In this area, there is ample evidence of prehistoric habitation. Archaeological research has indicated that at Put Bronswinkel, located a few kilometers south, there used to be an Amerindian settlement. Exactly when this site was inhabited is not known, but stylistic analysis of the ceramics found indicates it must have been between AD 800 and AD 1400. Unlike in earlier times when people relied heavily on hunting, fishing, and gathering edible plants for their subsistence, during this time people were more intensively practicing agriculture. They were growing a variety of crops, of which maize and manioc seem to have been the most important ones.
At Malmok, many remains of Amerindian material culture can be found. The amount and variety of artifacts indicate that this area never housed a large settlement, but that smaller, temporary camps characterized the type of habitation here. People would come here to extract resources, most likely to fish, for periods of several days or even weeks.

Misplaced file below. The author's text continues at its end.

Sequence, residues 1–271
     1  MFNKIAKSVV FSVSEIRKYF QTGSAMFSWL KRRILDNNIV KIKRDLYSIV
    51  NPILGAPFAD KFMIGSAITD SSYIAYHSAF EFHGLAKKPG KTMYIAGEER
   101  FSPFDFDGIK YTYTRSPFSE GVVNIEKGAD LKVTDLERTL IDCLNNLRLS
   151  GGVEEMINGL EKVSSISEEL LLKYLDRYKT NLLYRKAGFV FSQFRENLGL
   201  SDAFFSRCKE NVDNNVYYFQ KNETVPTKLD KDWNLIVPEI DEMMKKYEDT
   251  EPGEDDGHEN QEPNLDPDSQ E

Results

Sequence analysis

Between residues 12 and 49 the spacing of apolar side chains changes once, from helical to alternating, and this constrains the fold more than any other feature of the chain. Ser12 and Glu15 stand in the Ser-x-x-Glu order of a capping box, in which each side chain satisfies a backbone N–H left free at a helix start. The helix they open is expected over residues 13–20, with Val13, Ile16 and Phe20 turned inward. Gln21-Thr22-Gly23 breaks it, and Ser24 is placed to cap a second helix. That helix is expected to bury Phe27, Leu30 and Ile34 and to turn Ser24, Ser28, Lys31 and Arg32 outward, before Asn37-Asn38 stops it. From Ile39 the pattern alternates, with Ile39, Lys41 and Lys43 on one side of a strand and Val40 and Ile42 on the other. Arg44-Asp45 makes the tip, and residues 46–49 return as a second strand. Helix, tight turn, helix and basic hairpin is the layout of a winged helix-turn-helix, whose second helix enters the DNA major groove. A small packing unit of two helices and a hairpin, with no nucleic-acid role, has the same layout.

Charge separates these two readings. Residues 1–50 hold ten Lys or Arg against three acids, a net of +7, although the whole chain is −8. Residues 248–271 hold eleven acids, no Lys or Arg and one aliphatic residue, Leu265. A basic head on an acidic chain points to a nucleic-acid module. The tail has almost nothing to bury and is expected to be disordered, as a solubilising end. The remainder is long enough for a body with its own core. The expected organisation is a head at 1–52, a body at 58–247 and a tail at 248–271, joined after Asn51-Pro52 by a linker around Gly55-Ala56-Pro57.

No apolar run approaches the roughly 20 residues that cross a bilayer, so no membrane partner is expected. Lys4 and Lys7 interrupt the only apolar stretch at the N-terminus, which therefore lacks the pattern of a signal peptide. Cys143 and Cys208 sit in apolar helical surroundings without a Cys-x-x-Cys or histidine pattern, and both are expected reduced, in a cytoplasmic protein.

Amerindian habitation sites generally have 2 components: an area where dwellings were located, and a refuse dump. These were usually situated close to each other. Amerindian dwellings could range from small huts to large communal houses. As these were made entirely of perishable materials, the only things that are left behind are discolorations in the subsoil that mark the locations of post holes. The red area is the refuse dump or ‘midden’. This was the area where people dumped discarded items. Many of these were also made of perishable materials, which have not survived. Non-perishable materials are all that is left. These include ceramics, coral tools, small flint tools, and many shells of various types. Through detailed analysis of these artifacts, we can learn a great deal about the people that once lived here. For example, clay analysis can determine whether ceramics were imported or produced locally. The presence of tools made of staghorn coral (Acropora cervicornis), which was used for grating cassava, indicates that the people living here were not just relying on hunting, fishing and gathering food, but also practiced horticulture. A variety of shells found at the midden, including queen conch (Lobatus gigas), West Indian topshell (cittarium pica), and the land snail cerion uva (Cerion uva bonairensis), point to a diverse diet adopted by the people living here.